Eastern Cape Game and Nature ReservesThe Addo Elephant National Park
If it is elephants you want to see then head to Addo Elephant Park. Now South Africa's third largest national reserve, Addo Elephant National Park lies in the malaria-free Sundays River valley in the Eastern Cape, just over an hour's drive from Port Elizabeth.
The Park stretches from the semi-arid karoo of the north, over the Zuurberg Mountains and down through the Sundays River valley to the coast, to between the mouths of the Sundays and Bushman's rivers.
Addo is home to one of the densest African Elephant populations on earth, roughly 550 of them. They once roamed the entire continent. By 1979 there were only 1.3 million African elephants left, and in 1989 they were added to the international list of the most endangered species, with only sixteen left in the Greater Addo area.
The Elephants play a key role in the environment - pulling down trees, breaking up bushes, and digging waterholes and trails. Their droppings are particularly important as baboons and birds pick them over for undigested seeds and nuts, and the dung beetle (the flightless dung beetle is only found in Addo) use them in which to reproduce.
More recently the Addo Elephant National Park has expanded to become the only park in the world to lay claim to Africa's 'Big 7' - elephant, rhino, lion, buffalo, leopard, southern right whale and great white shark. It has done this by expanding along the coast from the Sundays River mouth towards Alexandria, and by adding an offshore marine reserve that includes St Croix Island and Bird Island, both essential breeding grounds for penguins and gannets. St Croix has the largest African penguin colony in the world.
To see elephant, head to the waterholes of the Addo Elephant reserve. In the hot climate of Africa, elephants need roughly 190 litres of water to drink on a daily basis. Their trunks, which are something like large and long hosepipes, have a 23 litre capacity. The main rest camp in particular overlooks a waterhole with an underground viewing area that gets you up close to the elephants. Often you need do little more than remain around this hole to see herds of elephant.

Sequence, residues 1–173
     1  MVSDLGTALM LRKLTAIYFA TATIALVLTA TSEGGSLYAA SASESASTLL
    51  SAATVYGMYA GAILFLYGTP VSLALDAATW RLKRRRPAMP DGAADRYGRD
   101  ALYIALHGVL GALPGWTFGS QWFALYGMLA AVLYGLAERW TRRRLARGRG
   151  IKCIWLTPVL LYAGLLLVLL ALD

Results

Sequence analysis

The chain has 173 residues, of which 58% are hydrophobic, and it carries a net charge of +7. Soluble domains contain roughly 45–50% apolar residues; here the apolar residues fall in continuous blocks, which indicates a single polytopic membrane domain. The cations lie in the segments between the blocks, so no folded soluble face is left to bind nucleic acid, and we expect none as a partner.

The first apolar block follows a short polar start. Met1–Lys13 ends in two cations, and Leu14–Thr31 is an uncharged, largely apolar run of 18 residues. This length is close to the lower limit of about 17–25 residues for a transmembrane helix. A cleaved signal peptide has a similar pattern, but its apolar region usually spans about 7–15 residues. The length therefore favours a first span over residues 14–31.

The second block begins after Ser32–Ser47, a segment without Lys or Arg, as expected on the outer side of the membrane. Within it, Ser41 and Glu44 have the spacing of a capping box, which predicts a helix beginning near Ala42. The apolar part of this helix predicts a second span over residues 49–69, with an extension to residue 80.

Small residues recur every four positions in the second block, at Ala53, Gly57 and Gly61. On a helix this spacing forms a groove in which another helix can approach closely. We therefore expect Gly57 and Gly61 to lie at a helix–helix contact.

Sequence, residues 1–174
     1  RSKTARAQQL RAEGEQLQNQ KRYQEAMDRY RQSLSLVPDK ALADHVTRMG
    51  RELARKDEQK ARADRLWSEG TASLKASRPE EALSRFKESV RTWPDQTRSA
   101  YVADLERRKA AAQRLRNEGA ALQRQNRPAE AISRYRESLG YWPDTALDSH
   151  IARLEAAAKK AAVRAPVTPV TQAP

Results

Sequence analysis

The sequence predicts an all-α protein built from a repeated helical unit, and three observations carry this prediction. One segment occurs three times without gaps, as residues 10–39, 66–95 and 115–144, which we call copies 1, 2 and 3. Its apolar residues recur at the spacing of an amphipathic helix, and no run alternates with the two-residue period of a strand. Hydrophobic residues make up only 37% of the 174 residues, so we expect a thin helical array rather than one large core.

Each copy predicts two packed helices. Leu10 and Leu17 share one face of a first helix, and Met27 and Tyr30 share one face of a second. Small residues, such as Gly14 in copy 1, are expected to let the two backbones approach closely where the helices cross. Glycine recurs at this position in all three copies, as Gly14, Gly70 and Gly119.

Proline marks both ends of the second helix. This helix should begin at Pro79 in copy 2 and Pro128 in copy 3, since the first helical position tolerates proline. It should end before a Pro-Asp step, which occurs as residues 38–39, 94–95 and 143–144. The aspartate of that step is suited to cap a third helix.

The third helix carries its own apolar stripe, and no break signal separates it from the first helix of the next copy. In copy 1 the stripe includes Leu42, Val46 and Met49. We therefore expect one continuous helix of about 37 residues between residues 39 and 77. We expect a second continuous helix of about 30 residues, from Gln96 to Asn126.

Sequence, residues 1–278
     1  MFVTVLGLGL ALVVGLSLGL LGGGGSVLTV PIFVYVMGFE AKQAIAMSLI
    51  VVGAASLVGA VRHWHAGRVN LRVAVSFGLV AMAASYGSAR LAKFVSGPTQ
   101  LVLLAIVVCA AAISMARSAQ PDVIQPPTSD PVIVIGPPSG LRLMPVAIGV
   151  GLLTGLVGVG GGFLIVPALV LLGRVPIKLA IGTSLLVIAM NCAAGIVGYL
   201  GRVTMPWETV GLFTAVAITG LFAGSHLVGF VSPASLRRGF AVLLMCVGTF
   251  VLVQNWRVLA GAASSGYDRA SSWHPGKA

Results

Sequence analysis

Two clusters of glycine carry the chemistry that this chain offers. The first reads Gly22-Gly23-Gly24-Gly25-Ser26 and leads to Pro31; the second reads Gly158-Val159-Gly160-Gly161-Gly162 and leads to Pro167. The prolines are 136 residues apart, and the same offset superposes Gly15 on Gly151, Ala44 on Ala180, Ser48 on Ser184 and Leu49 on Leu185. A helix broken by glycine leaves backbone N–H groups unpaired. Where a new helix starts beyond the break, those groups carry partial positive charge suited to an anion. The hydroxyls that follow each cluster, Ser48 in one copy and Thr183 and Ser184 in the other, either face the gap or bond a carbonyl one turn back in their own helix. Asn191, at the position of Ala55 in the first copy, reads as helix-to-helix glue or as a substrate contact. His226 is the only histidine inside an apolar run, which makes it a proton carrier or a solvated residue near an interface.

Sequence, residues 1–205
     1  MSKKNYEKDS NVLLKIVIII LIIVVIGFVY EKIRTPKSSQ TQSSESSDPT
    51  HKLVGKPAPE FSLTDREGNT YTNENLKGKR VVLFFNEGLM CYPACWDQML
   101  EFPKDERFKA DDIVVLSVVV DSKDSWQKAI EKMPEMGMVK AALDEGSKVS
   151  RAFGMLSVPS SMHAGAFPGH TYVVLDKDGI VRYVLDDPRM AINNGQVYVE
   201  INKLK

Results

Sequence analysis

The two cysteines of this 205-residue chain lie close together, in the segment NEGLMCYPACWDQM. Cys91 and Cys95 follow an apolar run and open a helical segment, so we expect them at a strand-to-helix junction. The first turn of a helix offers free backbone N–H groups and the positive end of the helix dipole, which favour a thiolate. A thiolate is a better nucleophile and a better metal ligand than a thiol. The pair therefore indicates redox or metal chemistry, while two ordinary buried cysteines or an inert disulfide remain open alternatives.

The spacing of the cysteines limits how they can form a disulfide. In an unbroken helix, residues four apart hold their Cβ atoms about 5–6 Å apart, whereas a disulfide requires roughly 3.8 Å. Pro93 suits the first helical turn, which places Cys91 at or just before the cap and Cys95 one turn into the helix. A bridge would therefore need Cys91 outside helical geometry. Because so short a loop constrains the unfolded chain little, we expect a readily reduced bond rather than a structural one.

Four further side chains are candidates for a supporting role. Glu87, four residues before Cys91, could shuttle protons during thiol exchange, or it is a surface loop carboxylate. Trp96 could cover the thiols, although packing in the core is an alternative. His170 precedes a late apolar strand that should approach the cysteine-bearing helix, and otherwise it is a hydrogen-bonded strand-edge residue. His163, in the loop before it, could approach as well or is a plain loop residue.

An overnight stay out of season is even better, as once the noise of the daily visitors subsides then the watering hole becomes quiet and still. Guided game drives at sunrise, sunset and at night offer more chance of sighting the rest of the Big 5. And if you prefer to do the viewing in the comfort of your own car, guides are available in a 'hop-on' service. Elephants are known to come within metres of visitors' cars.
There are four accommodation options in the reserve – the Addo main rest camp, camp Matyholweni rest camp, Narina bush camp, and the Spekboom tented camp. At night you can hear hyenas and lions really close to the camp.
Hiking trails in the reserve include the Alexandria Hiking trail – a 2-day, 36km trail in the Woody Cape part of the park, Tree Dassie Trail – a 7km day hike, Zuurberg Mountain Trails that range from 2.4km to 8km in length, and the PPC Discovery Trail through the Albany thicket ecosystem. To reach the coastal area of the park, head to the Sundays River mouth off the N2 near Colchester, or to the Woody Cape ranger's offices off the R72 near Alexandria where there is a walking trail and boardwalk.
Popular Activities in Addo Elephant Park
Horse Trails in Addo Elephant Park
Horse trails within the Addo Elephant National Park are conducted by experienced guides on sure-footed, well-trained horses. Riding hats are available for visitors’ use if required. Addo horse trails depart from main camp to the Nyati area which is home to...
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Eden to Addo Hike
The Eden to Addo hike is considered by some as the longest, if not the toughest hiking trail in South Africa. Regarded as a 'mega' hike, the Eden to Addo entails an 18-day haul from Knysna to Addo and the Addo Elephant National Park, on its way to being one of...
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